Raised Bed and Seed Gardening

It’s been raining for two full days in Mendota, Virginia, but we caught a break a few minutes ago,  so I went out to do my daily “bug walk.” Tomorrow will be week four of the war on Japanese beetles. I’ve killed about 40-60 beetles each day. My green beans are holding their own. Look how full the vines are in the raised beds. They are Mountaineer Half Runners, and I have nicknamed them the “Fighting Mountaineers” because they continue to produce even with damaged vines.

Fighting Beans

Here’s the damaged skeletal leaves. The damage is  primarily where the sun hits the vine, as Japanese beetles like to be exposed to the sun where other Japanese beetles can find them and they can party and eat on the vine. And have sex. I don’t want to be crude but I can actually see them humping. They are so distracted they pay little attention to my hand as it swoops down, grabs them and drops them in the bucket for a swim.  I wear gloves, because they bite.  Did I say I hate them?

Damaged Vines

Beside the beans, I have a Crazy Garden. Each year, we have some part of our garden that is wild and crazy. It’s a place for bees and butterflies. I put the Crazy Garden out late this year, so it’s just getting ready to go into bloom.

Crazy Garden

Black closer to the house, since the soil was soft and damp today, it was a great time to sow some zinnias. I just toss them…don’t even bother to cover the seeds. Enough will get pushed in the ground by the rain to germinate.

Zinnia Seeds

Those zinnias will look like this in just a few weeks. I planted these in mid-June.

Zinnia even closer

In the spring, I’m greeted with Lupine — one of my faves. However, Lupine is difficult to transplant if you buy a seeding from the garden center. It’s easy to grow from seed if you are patient and don’t mind waiting until the next growing season for the reward. Today’s little seedlings I planted from seed two weeks ago look like this…

Baby Lupine

Will look like this next spring…I know…run out and buy seeds now!! A pack of seeds is about $1.00 Can you believe one little seed????

Lupine in Beds

And the Black Eyed Susie vines planted from leftover seed from last year look like this today…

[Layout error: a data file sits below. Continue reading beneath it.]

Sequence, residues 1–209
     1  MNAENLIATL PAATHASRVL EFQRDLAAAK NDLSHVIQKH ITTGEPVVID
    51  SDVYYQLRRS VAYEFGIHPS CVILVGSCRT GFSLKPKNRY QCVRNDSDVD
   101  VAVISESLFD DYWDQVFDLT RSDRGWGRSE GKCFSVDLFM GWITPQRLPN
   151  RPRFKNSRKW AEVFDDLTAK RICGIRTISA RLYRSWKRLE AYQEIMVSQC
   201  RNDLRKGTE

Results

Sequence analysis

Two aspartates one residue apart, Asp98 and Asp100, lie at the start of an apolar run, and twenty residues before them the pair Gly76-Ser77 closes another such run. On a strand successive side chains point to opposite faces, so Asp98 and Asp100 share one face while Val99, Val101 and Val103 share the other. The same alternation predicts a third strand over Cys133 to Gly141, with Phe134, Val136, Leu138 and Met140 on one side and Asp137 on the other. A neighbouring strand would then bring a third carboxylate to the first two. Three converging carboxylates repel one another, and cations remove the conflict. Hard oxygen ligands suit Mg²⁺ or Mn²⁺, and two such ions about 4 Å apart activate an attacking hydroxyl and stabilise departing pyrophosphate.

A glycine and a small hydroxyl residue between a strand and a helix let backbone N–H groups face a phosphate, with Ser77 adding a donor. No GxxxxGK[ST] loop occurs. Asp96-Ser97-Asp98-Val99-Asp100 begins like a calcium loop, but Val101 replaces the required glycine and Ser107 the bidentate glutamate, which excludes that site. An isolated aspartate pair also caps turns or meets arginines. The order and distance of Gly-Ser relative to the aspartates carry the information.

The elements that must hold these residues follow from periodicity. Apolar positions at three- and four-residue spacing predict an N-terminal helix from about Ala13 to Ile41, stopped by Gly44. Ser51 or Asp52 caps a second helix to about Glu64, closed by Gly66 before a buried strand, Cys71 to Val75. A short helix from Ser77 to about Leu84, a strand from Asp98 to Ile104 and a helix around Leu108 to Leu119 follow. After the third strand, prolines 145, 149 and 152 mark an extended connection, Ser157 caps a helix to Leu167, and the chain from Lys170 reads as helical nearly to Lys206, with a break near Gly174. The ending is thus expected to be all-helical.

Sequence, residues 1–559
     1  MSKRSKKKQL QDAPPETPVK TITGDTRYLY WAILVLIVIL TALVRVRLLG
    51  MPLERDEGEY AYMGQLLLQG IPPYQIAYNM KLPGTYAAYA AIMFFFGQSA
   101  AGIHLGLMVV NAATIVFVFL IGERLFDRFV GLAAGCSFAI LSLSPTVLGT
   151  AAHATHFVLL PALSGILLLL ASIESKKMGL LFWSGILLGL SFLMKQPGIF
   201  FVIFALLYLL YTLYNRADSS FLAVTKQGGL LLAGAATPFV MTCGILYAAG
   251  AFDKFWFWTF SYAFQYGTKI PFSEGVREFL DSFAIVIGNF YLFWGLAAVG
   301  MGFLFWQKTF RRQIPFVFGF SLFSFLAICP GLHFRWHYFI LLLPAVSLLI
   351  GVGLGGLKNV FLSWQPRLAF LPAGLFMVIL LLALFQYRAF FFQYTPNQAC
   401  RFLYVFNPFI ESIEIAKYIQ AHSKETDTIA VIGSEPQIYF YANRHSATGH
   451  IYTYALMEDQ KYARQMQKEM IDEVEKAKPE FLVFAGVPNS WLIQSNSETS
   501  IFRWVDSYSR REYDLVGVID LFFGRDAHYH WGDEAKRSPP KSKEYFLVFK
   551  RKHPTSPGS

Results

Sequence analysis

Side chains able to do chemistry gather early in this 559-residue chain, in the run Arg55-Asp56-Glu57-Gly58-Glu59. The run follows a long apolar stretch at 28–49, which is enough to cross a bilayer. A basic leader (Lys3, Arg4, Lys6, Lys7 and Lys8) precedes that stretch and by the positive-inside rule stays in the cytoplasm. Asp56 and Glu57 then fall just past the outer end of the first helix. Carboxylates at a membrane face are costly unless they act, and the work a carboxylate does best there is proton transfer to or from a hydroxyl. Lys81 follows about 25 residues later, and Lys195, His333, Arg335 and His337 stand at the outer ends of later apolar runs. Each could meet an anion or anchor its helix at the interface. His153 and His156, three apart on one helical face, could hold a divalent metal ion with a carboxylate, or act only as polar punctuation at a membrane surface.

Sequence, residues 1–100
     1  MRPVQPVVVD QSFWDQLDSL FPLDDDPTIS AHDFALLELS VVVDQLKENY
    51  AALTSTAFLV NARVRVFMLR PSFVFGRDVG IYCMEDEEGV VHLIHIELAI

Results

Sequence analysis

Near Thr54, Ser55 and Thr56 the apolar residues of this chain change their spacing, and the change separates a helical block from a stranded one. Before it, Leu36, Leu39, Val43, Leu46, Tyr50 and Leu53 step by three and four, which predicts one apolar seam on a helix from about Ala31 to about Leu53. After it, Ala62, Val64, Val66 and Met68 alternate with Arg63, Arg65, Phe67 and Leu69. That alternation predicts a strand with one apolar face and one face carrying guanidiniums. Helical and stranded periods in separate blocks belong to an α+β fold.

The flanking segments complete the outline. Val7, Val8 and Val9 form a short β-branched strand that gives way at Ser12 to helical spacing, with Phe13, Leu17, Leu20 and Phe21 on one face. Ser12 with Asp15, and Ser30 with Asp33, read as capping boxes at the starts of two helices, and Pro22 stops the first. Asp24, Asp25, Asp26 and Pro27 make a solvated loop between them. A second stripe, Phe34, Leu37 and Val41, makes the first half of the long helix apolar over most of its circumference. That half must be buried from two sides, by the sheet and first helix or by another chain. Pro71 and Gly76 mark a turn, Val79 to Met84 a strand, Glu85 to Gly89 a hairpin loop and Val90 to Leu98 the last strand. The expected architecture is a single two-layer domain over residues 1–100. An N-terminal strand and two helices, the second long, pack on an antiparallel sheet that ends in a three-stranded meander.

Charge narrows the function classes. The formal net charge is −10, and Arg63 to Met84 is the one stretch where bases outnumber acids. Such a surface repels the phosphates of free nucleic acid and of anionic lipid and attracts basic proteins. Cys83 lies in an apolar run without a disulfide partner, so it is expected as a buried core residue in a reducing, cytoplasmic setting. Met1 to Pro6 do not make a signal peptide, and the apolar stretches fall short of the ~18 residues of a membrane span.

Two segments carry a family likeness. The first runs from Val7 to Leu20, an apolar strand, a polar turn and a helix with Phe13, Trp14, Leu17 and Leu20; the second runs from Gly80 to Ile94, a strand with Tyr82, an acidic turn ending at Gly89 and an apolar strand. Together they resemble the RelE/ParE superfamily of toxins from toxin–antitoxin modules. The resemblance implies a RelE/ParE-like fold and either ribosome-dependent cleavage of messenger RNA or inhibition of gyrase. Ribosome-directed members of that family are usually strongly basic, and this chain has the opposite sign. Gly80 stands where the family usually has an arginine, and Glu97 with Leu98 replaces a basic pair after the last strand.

Susie Vines

But the Susie vines will look so pretty in the fall when I replace the red New Guinea Impatiens with mums. They’ll spread around like they have in the past. Here’s vines from last year.

Susie Flowers

I stuck alyssum seeds in around this little tree that I bought two or three Christmases ago for the hearth. I could not find alyssum this year, and I thought I’d just stick these seeds in and see what happened. It should be full of trailing alyssum in a week or two. I’ll show you when it happens.


It’s also fun to get “starts” from friends…a trip to a friend’s house rewarded me with about 20 of these five weeks ago. Nice! I don’t know what these flowers are called, but they remind me of an old friend, Patricia Quick. I hope she’s reading this and smiling. .

Cocks Comb

And then…for the bedding plants I DID buy from my True Love’s Half Dead Plant Rack…I’ve perfected the low maintenance flower bed of cramming everything in so tight that no weeds can surface. For this to work, you’d almost have to have a “country” or “cottage” garden.

Bedding Plants

Except for one weed. The Dish weed.

Side Garden with Dish


Understanding the Enemy

I am continuing waging a war on Japanese beetles. I spotted them on Saturday night, and thought I would just pick them off and drown them. It’s Tuesday evening, and I’ve drowned about 160 beetles. On Sunday, I found about 40 on my green beans. Here’s some damaged leaves.

Mountaineer Damage

I’ve been observing them and they like to be together, and that makes it easier for me to shake them off in my bucket. I have Dawn and warm water. Mike said to me “you know what is NOT very attractive? Someone who won’t walk through the yard without a bucket of water with dead beetles.” Sorry. I’m obsessed. We had company Sunday and he made me move my bucket. I keep it handy so I can just zip out, shake and drown.

Beetles Abuot 40

I’ve also learned that they prefer zinnias over my Mountaineer Half Runner green beans. Normally I have large rows of zinnias out beside the garden, but this year, they are very late (because I put them out late). BIG MISTAKE as I could have been killing them before they got on the beans. Here’s a few that are up and the beetles are trying to eat them as fast as I try to pick them off and kill them. Just a few beetles and so much damage.

Zinnia Damage

I’m hoping that my soil and plants are strong enough to withstand the damage–especially when it comes to my green beans. I spoke with my neighbor and they have not arrived at her house which is one mile up the river. Maybe I’m killing them all before they get there?

I go out 2-3 times per day to check the vines. It only takes a few minutes, and today there was a noticeable drop in the number of Japanese beetles. My friend, Linda Nunley, shared her recipe for discouraging them, and I may try it, but I so enjoy killing them that I’m waiting a few days.

For some reason, I thought they stayed only a couple of weeks but I read tonight that their life cycle is 60 days. This means I’ve got to be checking for beetles for several weeks. These guys are depending on me to take care of the beetles but to do so responsibly.  In a bee-friendly way.

Honeybee cartoon

I’ve never understood hunting until now. Since this started, I totally get it. Listen up, beetles, there’s a new sheriff in town.

On another subject, Mike kept reminding me that summer had started. Apparently, it was driving him crazy that I had not changed out my chalkboard window. It still looked like this…

Spring NoTalent Chalkboard Window

A quick change to satisfy him!

Summer 2


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